Lymphocytes are the white blood cells involved in the specific immune response. They recognise specific antigens on invading pathogens. Antigens are molecules, often proteins, located on the surface of cells that trigger a specific immune response.
Lymphocytes detect that the proteins and pathogens are foreign - not naturally occurring within the body - and produce antibodies. This can take a few days, during which time you may feel ill.
The antibodies created by the lymphocytes cause pathogens to stick together and make it easier for phagocytes to engulf them.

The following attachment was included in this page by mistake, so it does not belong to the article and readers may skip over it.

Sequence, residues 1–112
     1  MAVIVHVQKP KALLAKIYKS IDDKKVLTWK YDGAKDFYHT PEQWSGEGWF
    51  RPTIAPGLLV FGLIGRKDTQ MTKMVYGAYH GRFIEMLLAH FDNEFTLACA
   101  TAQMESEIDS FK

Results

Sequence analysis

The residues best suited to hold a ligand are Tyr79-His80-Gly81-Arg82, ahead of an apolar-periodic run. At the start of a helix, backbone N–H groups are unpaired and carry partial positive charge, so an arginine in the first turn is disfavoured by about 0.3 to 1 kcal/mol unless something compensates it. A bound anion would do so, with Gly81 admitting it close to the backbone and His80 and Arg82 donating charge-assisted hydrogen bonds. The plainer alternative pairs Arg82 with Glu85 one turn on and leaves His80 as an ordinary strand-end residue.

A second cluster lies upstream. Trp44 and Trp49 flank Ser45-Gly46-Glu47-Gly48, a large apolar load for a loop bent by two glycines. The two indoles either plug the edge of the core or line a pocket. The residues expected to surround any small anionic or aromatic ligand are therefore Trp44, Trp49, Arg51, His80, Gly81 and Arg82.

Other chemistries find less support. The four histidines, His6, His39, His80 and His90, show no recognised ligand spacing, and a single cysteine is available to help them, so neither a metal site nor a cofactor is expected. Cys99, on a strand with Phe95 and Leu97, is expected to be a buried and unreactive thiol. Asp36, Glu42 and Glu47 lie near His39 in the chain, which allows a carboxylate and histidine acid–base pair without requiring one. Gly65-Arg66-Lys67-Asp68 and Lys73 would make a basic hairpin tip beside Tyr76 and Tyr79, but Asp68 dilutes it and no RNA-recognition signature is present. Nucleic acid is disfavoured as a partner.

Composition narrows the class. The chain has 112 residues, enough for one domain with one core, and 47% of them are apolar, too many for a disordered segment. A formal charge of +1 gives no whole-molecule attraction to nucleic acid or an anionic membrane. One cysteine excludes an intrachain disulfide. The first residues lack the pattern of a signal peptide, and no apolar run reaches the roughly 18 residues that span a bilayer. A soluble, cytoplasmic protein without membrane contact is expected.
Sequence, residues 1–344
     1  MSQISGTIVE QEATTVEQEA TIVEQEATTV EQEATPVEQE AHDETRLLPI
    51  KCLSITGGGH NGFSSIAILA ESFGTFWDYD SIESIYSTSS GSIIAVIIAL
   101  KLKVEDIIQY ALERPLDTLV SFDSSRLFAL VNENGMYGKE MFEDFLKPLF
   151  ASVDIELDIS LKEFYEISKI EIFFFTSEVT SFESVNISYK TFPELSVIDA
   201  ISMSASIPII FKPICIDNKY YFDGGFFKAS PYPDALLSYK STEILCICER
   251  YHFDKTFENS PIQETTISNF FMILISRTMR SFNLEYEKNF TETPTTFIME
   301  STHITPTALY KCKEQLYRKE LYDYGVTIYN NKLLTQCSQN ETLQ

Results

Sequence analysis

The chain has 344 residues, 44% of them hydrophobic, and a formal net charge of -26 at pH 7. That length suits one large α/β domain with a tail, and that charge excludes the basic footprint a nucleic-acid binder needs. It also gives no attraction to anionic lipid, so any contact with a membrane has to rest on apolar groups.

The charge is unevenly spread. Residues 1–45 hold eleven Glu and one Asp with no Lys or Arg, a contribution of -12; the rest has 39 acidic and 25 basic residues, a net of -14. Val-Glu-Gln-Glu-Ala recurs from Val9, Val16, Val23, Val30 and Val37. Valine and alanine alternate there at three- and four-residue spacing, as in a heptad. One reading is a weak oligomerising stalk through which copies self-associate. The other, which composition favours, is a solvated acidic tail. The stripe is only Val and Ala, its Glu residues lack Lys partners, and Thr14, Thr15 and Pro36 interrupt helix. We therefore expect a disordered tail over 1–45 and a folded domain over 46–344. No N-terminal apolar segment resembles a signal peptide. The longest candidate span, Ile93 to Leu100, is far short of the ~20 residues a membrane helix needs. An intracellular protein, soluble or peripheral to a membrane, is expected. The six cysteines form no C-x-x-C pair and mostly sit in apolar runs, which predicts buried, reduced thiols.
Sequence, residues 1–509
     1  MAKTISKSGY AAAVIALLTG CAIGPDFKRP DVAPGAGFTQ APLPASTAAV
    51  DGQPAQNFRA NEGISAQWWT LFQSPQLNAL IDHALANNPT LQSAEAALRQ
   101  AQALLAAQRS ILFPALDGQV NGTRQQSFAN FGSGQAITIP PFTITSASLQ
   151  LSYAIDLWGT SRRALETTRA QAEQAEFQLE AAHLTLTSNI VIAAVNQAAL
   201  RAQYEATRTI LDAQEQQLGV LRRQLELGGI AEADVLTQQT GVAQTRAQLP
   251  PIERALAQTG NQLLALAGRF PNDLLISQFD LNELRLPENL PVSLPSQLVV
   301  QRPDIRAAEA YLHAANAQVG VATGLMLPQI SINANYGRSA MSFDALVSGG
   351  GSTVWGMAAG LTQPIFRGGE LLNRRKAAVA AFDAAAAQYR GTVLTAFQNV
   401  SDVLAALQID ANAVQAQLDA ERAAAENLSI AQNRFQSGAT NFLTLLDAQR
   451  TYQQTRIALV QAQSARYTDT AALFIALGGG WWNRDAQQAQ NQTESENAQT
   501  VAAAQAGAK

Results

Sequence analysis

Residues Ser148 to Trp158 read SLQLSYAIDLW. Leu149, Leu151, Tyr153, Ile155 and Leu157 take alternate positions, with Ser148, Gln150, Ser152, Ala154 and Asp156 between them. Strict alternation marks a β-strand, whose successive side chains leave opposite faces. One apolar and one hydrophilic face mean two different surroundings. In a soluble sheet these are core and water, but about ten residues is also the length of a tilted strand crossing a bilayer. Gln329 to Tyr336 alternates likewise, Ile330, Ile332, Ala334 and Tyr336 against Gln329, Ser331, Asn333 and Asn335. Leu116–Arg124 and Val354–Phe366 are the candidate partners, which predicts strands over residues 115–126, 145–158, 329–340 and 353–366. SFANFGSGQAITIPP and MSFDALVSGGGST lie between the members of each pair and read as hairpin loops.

Each lymphocyte produces its own specific receptor that corresponds to a specific antigen. When a lymphocyte encounters that antigen it multiplies, creating large numbers of identical lymphocytes bearing that particular receptor.
Antibodies and antitoxins are highly specific to the antigen or toxin that is made by the pathogen. That is why we say that the lymphocytes that produce them are specific.
There are two types of lymphocyte: